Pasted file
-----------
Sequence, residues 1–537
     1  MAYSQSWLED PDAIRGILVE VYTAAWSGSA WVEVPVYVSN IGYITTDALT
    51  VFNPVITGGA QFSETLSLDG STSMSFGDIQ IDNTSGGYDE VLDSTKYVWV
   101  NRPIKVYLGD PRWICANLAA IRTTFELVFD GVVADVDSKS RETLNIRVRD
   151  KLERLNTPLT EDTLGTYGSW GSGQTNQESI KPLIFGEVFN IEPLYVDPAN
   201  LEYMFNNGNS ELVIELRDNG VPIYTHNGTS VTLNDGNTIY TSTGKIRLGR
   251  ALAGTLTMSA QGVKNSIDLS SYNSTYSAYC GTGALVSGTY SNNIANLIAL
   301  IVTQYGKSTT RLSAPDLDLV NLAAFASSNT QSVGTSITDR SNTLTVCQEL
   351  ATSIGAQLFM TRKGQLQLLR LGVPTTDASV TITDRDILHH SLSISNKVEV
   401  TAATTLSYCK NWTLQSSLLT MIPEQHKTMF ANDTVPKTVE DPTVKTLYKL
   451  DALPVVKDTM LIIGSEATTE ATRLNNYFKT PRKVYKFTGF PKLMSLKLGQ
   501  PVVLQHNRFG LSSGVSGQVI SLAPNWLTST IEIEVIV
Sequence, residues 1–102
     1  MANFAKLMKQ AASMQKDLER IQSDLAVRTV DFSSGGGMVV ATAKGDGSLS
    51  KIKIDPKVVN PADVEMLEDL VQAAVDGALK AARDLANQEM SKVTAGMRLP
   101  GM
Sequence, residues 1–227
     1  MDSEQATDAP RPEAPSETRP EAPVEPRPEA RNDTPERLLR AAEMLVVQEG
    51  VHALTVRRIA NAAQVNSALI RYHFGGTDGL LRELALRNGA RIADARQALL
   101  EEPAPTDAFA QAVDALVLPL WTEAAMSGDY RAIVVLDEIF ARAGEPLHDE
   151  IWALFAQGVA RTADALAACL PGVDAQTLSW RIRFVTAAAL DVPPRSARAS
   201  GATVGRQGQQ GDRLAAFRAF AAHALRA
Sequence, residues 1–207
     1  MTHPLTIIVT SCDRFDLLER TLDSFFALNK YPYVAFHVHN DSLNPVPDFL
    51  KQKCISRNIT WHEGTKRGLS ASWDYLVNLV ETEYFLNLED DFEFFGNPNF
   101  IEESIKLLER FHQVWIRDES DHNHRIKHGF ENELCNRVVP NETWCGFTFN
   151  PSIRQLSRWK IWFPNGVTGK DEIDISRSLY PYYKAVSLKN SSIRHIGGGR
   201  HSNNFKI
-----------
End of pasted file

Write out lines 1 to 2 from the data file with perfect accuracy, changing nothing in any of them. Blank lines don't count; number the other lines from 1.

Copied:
Sequence, residues 1–537
     1  MAYSQSWLED PDAIRGILVE VYTAAWSGSA WVEVPVYVSN IGYITTDALT